input parameter, L, the maximum time lag. This parameter is the maximum gap
in time between the occurrence of the output phenomenon and the causal
input stimulus. However, in many situations of interest, the maximum time
lag is not known, and indeed, finding the range of causal effects is an
important problem. In this work, we propose and evaluate a datadriven and
computationally e fficient method for Granger causality inference in the
Vector Auto Regressive (VAR) model without foreknowledge of the maximum
time lag. We present two algorithms Lasso Granger++ and Group Lasso
Granger++ which not only constructs the hypothesis feature causal graph,
but also simultaneously estimates a value of maxlag (^L) by balancing the
tradeoff between "goodness of fit" and "model complexity".
 Series: Department Seminar Title: Runtime Visualization and Verification of Java Programs  Speaker: Bharat Jayaraman
State University of New York (Buffalo)  Date and Time: Friday, January 13, 2017, 3:00 PM
 Venue: CSA Seminar Hall (Room No. 254, First Floor)
Abstract This talk will present a stateoftheart analysis and visualization system
called JIVE (Java Interactive Visualization Environment), an opensource
plugin for Eclipse. JIVE is based on two synergistic ideas: querybased
debugging and runtime visualizations. The queries are mainly temporal
in nature and the visualizations cater to individual states as well as the
history of execution, using UMLlike notations. More recently, we have been
experimenting with ‘runtime verification’ by extracting finite state models of
program behavior, and checking properties of these models stated in temporal
logic and consistency of these models against designtime specifications.
The talk will include a demo of the JIVE system, which may be downloaded from
http://www.cse.buffalo.edu/jive.
Speaker Bio: Dr. Bharat Jayaraman is a Professor in the Department of Computer Science & Engineering at the State University of New York at Buffalo. He received his B. Tech and M.Tech from IITMadras and his Ph.D from the University of Utah, Salt Lake City, USA. After receiving his Ph.D., he was on the faculty at the University of North Carolina (Chapel Hill) from 1981 to 1989, and subsequently moved to the University at Buffalo, where he also served as Department Chair from 2001 to 2009. His research interests center around programming languages and software systems. He is presently an Associate Editor for Springer’s Transactions on ICT, and has also been on the Editorial Boards for the Journal of Functional Logic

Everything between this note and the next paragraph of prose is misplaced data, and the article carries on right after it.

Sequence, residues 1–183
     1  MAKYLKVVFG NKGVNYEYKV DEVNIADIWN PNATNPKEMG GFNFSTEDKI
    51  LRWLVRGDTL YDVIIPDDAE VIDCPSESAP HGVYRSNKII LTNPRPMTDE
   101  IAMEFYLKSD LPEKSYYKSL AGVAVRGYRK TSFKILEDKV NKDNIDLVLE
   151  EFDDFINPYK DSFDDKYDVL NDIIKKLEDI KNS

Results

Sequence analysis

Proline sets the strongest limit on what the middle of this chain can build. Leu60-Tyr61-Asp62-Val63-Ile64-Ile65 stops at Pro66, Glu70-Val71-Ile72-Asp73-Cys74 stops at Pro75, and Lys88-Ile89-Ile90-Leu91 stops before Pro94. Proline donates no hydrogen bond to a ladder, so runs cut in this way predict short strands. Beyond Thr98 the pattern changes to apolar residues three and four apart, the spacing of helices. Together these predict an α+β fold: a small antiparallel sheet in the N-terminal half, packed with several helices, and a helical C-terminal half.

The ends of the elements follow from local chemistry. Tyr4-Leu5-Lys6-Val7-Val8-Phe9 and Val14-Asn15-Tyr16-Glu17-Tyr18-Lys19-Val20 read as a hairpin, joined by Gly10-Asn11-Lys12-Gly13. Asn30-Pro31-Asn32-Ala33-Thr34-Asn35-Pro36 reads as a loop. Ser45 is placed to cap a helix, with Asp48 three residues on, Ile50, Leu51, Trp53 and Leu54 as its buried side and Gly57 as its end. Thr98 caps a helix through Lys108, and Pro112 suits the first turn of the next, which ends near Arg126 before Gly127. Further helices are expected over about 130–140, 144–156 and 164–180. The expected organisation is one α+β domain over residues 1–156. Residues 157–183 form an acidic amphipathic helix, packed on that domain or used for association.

Programming, and guest editor for the Computer Journal, published by Oxford University.
Host Faculty: Dr. Murali Krishna Ramanathan
 Series: M.Sc. (Engg) Colloquium Title: On the gap between outcomes of voting rules  Speaker: Anurita Mathur
M.Sc student
Department of Computer Science and Automation  Faculty Advisor: Dr. Arnab Bhattacharyya
 Date and Time: Friday, January 13, 2017, 1:30 PM
 Venue: CSA Seminar Hall (Room No. 254, First Floor)
Abstract Through the course of history, a variety of voting rules have been used to
determine election outcomes. The traditional way in social choice theory to
evaluate a voting rule is by checking whether it satisfies axioms deemed to
be desirable for voting rules. Celebrated results in social choice theory
say that even for a small set of seemingly necessary axioms, no voting rule
exists satisfying them. In the face of such impossibility results, it
becomes challenging to justify why certain voting rules work well in
practice. Although in theory, these rules may yield drastically different
outcomes, for realworld datasets, behavioural social choice analyses have
found that the rules are often in perfect agreement with each other! This
work attempts to give a mathematical explanation of this phenomenon.
In this work, we formulate a quantitative approach towards comparing voting
rules by viewing them as two players engaged in a zerosum game. If rule A
selects candidate c_1 while rule B selects candidate c_2, the payoff for A
is the number of voters who prefer c_1 to c_2 minus the number who prefer
c_2 to c_1.The optimal voting rule according to this criterion
(corresponding to the optimal randomized strategy for the game) is the
"gametheoretic rule" (GT) while the best deterministic strategy is the
wellknown Minimax voting rule. We investigate rigorously how various
common voting rules fare against each other in terms of the minimum payoff
they receive for arbitrary voting profiles. We also study the case when the
voting profiles are drawn from a mixture of multinomial logit
distributions. This scenario corresponds to a population consisting of a
small number of groups, each voting according to a latent preference
ranking. We supplement the theoretical findings by empirically comparing
the payoff of voting rules when they are applied to user preferences for
movies as determined from the Netfix competition dataset. On this dataset,
we find that the Minimax rule, the Schulze rule, and a deterministic
variant of the GT rule perform the best in our framework.
 Series: Department Seminar Title: Formal Verification of Safety and Stability of Hybrid Systems  Speaker: Pavithra Prabhakar